Byline: STEPHEN GLOVER
THE story of the alleged massacre at al-Haditha in Iraq provokes a sombre question.
How did a war in which we were supposed to be the good guys, liberating a country from a brutal dictator, turn us into this?
American Congressmen briefed on the massacre expect an official investigation to conclude that soon after 7am on November 19 last year, U.S.
Marines ran amok, killing as many as 24 unarmed Iraqi civilians, including women and children, in cold blood. A dozen Marines reportedly face courts martial or even charges of homicide.
Officials who have seen the findings of the investigation say that it may be the worst known case of misconduct by American ground forces in Iraq, and that includes the abuse of prisoners at Abu Ghraib. Others draw comparisons with the My Lai massacre during the Vietnam War, when U.S. soldiers killed more than 500 unarmed villagers. Then, it took 18 months for the truth to emerge.
This time it has taken seven months, but there are plausible charges that the American military has tried to conceal what happened. A separate inquiry is determining whether there has been a cover-up. Given that one arm of officialdom is adjudicating on another, we should not expect too much candour.
BUT whatever the findings, most people in the Middle East, and no doubt many in the rest of the world, will assume there was a cover-up and, moreover, that this massacre was not a one-off. How can one easily contradict them in view of the appalling pictures of the beatings at Abu Ghraib, as well as other unconfirmed stories of American brutality?
The Americans, and the British by close association, long ago lost the moral high ground over Iraq. Our world changed not because of the attack on the World Trade Centre on September 11, 2001, but because of our response to it.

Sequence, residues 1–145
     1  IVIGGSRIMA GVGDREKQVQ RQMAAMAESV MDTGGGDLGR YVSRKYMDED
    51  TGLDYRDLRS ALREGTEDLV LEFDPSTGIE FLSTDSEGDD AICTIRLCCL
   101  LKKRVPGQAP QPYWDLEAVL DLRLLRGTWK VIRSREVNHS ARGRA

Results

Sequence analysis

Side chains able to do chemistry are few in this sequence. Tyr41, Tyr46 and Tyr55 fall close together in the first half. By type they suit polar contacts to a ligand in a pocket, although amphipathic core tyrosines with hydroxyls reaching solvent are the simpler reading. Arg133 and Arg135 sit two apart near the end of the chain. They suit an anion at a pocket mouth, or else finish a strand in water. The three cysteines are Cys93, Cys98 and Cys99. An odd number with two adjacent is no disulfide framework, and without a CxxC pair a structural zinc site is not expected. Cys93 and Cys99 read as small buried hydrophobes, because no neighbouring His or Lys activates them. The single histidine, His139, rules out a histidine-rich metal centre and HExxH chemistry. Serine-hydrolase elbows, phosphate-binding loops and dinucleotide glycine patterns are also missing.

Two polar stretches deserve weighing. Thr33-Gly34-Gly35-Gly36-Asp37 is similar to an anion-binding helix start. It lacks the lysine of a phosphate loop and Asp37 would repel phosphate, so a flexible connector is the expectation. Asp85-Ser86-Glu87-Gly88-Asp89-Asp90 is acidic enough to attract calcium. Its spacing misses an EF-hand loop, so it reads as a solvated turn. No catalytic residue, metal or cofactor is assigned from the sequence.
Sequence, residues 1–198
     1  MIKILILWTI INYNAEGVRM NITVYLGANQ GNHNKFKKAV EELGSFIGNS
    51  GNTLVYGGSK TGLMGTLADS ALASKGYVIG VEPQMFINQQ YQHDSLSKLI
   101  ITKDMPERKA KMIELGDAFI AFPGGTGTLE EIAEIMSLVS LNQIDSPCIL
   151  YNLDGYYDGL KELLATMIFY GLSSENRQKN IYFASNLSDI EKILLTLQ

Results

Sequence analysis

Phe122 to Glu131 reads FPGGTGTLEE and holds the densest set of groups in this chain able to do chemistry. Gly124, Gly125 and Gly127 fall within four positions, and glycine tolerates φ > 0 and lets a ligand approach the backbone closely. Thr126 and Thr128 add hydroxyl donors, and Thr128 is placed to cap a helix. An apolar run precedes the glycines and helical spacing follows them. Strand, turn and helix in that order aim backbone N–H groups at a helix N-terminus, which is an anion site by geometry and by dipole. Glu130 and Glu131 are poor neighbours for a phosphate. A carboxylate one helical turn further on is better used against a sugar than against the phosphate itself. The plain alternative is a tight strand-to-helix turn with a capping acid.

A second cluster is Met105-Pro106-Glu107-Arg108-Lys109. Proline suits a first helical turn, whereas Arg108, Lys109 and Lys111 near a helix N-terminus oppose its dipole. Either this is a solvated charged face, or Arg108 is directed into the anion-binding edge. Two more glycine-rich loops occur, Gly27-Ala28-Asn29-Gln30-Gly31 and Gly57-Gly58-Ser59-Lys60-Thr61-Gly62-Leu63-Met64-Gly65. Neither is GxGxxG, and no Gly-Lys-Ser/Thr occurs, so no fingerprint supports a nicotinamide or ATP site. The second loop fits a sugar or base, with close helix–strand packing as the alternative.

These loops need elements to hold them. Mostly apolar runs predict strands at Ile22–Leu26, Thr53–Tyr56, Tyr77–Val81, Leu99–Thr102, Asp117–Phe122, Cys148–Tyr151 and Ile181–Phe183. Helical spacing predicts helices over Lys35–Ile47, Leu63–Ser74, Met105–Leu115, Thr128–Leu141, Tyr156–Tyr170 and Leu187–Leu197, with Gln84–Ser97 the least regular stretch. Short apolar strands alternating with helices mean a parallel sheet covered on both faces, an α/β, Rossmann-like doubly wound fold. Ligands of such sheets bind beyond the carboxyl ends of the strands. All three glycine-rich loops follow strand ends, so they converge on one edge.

Of course, the outrage showed that we faced a new sort of danger, but the 'war on terror' - which we were almost gleefully told by President George W.
Bush might last more than a generation - was used to justify all manner of illiberal legislation in America and Britain, very little, if any, of which has made us feel any safer.
Mr Bush has repeatedly authorised wiretaps without bothering to obtain a warrant.
Indeed, one of the most distressing aspects of the war in Iraq is the way it has so corrupted public life and morality in America and Britain.
One of the most disgraceful consequences of what the Americans call '9/11' has been the establishment of a prison at Guantanamo Bay in Cuba, where hundreds of suspects have been held for months and years without trial, and in some cases subjected to torture. More expert torture has taken place in dodgy countries, friendly to America, to which victims have been transported by U.S.
airplanes in so-called 'rendition' (i.e. torture) flights.
But by far the most disastrous consequence of 9/11 has been the war on Iraq.
President George W. Bush used the attack on America to justify an invasion of that country, and it was suggested, quite preposterously, that Saddam Hussein was in some way an ally of Osama Bin Laden, and was fostering terrorists.
This was the first lie. The second, taken up by Tony Blair with even greater enthusiasm than it was by Mr Bush, was that Saddam Hussein possessed 'weapons of mass destruction'.
This lie - told to justify Britain's support of the American President, who had already decided to invade Iraq - has contaminated our political system like a virus. People's trust in government has declined still further. …